Churi bazaar – the street of bangles, is a lane facing one side of the famous Charminar where you will find bangles of all types. They also call it Laad bazaar. ‘Laad’ meand pampering. Yes, you pamper your woman with colourful bangles and jewelry, of course, the Nawabi style.
The language was never a problem in Hyderabad. Hindi and Urdu are well spoken and understood. This time I noticed that the locals would start conversation in Hindi/Urdu rather than in English or Telugu. Ahmed, my driver for four days in the city, despite being a Hyderabad guy spoke no Telugu. The Nawabi / Hyderabadi Urdu is a distinct dialect and it sounds so enchanting.

In the past, some localities in old Hyderabad had been in the news for some bad reasons. People often gave in marriage their young girls to old and ‘apparently’ wealthy so called Sheikhs from the Middle East. This is a racket involving human trafficking and exploitation of women as well as pedophilia. How many of us remember a sobbing teenager named Ameena who some three decades back was deplaned at the international airport under suspicions of child trafficking though she was supposed to have been ‘legally’ married as per her religion’s diktats.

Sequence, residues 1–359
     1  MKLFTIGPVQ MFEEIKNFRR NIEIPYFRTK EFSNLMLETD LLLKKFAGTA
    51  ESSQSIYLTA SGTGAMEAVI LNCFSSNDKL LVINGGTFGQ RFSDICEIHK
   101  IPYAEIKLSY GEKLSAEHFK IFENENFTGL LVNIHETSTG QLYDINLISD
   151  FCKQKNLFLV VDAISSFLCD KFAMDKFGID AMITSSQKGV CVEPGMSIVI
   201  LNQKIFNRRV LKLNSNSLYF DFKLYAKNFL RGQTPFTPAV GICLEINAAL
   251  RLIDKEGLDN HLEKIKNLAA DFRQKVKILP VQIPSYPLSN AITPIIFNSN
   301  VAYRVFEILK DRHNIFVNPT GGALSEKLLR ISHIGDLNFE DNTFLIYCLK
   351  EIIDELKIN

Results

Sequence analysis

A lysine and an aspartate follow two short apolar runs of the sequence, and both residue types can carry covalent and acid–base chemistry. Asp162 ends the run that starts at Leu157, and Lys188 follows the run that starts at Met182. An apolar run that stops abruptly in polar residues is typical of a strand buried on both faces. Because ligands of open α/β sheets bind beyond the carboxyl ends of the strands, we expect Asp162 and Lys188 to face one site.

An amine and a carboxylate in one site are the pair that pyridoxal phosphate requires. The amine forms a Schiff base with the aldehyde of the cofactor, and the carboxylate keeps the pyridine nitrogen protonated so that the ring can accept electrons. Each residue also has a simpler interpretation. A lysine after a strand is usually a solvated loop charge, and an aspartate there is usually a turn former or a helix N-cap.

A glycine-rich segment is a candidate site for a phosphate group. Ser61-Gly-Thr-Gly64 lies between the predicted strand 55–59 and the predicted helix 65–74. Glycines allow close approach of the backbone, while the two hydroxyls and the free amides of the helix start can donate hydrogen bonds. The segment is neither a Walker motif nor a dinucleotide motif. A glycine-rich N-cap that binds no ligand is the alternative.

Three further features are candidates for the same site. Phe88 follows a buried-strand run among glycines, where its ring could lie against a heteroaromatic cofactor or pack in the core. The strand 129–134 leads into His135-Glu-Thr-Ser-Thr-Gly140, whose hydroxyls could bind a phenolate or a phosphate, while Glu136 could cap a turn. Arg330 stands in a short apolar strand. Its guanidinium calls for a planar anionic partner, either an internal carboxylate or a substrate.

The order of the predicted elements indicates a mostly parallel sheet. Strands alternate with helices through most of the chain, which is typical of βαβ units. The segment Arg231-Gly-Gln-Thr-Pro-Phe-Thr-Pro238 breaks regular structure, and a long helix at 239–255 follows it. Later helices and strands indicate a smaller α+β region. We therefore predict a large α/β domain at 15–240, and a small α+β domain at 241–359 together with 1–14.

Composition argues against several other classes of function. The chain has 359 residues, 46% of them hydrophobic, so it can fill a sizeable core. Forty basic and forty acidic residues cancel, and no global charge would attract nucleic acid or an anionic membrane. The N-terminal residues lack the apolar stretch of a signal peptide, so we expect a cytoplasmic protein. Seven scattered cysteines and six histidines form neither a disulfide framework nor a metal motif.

Ahmed told me that this practice in that particular area stood curbed to a large extent but traces of the social evil remained. Some unfortunate girls have to pay for the sins of their men folk who do not work and want easy life.

The IRC event was nicely managed by the PWD engineers from the young state of Telangana. The accommodation provided was very good, as was transportation.  And the sumptuousness of Hyderabadi food remains a hallmark. And the cultural shows including the graceful Kuchipudi and the high pitched Perini Tandava dance were the icing on the cake.